The drug haul was unremarkable, but the destination raised eyebrows.
German weekly Bild am Sonntag reported Sunday that customs officials intercepted a cocaine shipment destined for the Vatican in January.
Officers at Leipzig airport found 340 grams — about 12 ounces — of the drug packed into 14 condoms inside a shipment of cushions coming from South America.
The paper says the package was simply addressed to the Vatican postal office, meaning any of the Catholic mini-state’s 800 residents could have picked it up.
Citing a German customs report, the paper adds that a sting operation arranged with Vatican police didn’t lure a possible recipient. The drugs would have a street value of several tens of thousands of euros (dollars).
Neither German customs nor the Vatican could be immediately reached for comment.
An anonymous Vatican official did comment that obviously the recipient was not a faithful Catholic due to the drugs being wrapped in condoms.
In a story by Eric J. Lyman for the Religion News Service and published in The Washington Post.
ROME — Did you hear that Pope Francis plans to call a Third Vatican Council? Or that he uncovered previously unknown Bible verses? Or that he sees the story of Adam and Eve as just a fable?
Here’s the problem: None of it is true.
Still, that didn’t stop these and other stories from ricocheting around the Internet and, in some cases, even in traditional news sources. Among the dozens of other fake pope stories are claims that he called hell a literary device and that he believes all religions are equally true.
The article mentions a warning from the Pontifical Council for Culture.
“Check the official Vatican media sources for confirmation of Pope Francis’ statements.” Remarks should be considered untrue if they do not appear on the pope’s Twitter feed, the Vatican Information Service, the Holy See press office, the Vatican website, Vatican radio, the L’Osservatore Romano newspaper or another official information source, the council said.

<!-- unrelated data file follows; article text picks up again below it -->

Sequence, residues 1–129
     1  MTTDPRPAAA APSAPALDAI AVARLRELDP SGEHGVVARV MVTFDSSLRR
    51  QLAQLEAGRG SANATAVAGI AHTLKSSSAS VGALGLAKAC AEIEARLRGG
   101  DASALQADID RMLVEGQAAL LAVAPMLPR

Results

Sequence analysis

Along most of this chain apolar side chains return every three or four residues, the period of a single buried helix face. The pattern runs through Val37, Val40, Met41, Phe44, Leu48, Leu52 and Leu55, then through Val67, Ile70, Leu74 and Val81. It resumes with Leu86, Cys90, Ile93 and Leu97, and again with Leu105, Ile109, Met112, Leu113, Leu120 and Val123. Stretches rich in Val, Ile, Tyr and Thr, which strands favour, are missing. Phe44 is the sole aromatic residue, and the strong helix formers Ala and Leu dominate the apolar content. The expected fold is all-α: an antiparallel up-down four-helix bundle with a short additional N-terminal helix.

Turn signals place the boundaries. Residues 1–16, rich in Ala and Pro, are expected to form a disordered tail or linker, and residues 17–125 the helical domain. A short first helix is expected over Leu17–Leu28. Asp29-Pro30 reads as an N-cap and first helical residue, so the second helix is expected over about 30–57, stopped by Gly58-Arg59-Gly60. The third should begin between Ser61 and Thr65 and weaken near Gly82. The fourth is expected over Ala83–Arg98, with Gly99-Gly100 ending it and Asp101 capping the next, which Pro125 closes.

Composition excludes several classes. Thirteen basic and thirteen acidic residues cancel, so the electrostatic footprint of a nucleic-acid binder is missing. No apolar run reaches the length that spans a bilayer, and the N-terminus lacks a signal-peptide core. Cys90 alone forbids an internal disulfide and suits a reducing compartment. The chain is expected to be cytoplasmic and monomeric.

“If the statements attributed to the pope by any media agency do not appear in the official media sources of the Vatican, it means that the information they report is not true,” said the statement, which was written in all caps as if to underscore the point.
So far a decent enough article, but they couldn’t let that stand.
The Rev. Thomas Reese, a senior analyst with National Catholic Reporter, said only some fake comments are worth worrying about.
“There are basically three kinds of inaccurate comments,” Reese said. “There are the pranksters, and there are people who simply make mistakes because they don’t understand the issues being discussed. It’s hard to get worked up over those things.
“But then there are people who want to spin the pope’s point of view to further a particular agenda, and that’s very problematic and reprehensible.”
I almost fell out of my chair reading that last line. Fr. Reese thinks that people spinning what the Pope said or by extension spinning what the Church teaches as “very problematic and reprehensible.” Another example of somebody with an irony deficit. He has spun so much of what the Church teaches that I think one day he hopes to be named Spin Doctor of the Church.
Getting back to all the papal misinformation and disinformation you almost wish there was a source similar to Snopes which debunked urban legends or in this case I guess Pope Urban legends.
The problem is that it would be a full time job for a team of people to counter all of “the pope said what?” stories or false stories involving the Church. So it will continue to be crowd-sourced to Catholic bloggers and others in Catholic media not to mention individuals in their daily life.